The Oudon castle reconstruction
On May 22, 1392, Alain de Malestroit, Lord of Oudon, obtains from John IV, Duke of Brittany, the authorization to rebuild his castle. He built the main tower, or dungeon, within a fortified ensemble.
The two towers that frame the main entrance door were intended to house the guard of the castle. They had an additional floor that was modified for the installation of battlements and merlons. The gunboat archers characteristic of the 1470s have a circular orifice surmounted by a slit of sight.
The entrance portal, semicircular, was modified in the sixteenth century. This transformation probably concerns only a recovery of the arches and pyres because the interior aspect is well characteristic of the middle of XVe :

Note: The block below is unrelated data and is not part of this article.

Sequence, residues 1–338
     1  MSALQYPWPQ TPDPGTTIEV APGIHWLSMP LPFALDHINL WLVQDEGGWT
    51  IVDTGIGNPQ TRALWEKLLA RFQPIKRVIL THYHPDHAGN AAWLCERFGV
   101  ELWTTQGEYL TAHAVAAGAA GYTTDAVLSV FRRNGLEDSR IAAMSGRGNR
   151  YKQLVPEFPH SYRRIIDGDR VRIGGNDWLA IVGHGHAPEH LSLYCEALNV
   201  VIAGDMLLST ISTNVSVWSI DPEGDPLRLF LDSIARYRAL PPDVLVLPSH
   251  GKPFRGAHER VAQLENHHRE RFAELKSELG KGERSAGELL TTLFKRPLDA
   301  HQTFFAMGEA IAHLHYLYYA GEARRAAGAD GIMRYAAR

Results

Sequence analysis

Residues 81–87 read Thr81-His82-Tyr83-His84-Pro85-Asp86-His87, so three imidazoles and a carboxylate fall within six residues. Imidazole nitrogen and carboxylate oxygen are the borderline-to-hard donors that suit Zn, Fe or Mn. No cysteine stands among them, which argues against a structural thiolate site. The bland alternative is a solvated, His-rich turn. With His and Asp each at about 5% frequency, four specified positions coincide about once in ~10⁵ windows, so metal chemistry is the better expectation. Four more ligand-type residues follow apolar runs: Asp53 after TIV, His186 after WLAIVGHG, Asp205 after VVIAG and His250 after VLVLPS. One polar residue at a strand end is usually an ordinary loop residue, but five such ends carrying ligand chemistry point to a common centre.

- a vaulted corridor following the carriage door,
- an iron harrow,
- a second door.
A system of two drawbridges with arrows for carriage and pedestrian doors partly ensured defense and access to the castle.
To get to the dungeon, it was still necessary to cross a gate tower, which is recognized in the courtyard, a section of the porch. Finally, a retractable footbridge allowed to span the ditch and the wall.
The shirt is the transposition in masonry of the wooden palisades defending the mottes. It must hold the assailant away from the base of the dungeon for some time and prevent attempts to undermine it.
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Château médiéval d’Oudon & Office de Tourisme du Pays d’Ancenis
11 rue du Pont-Levis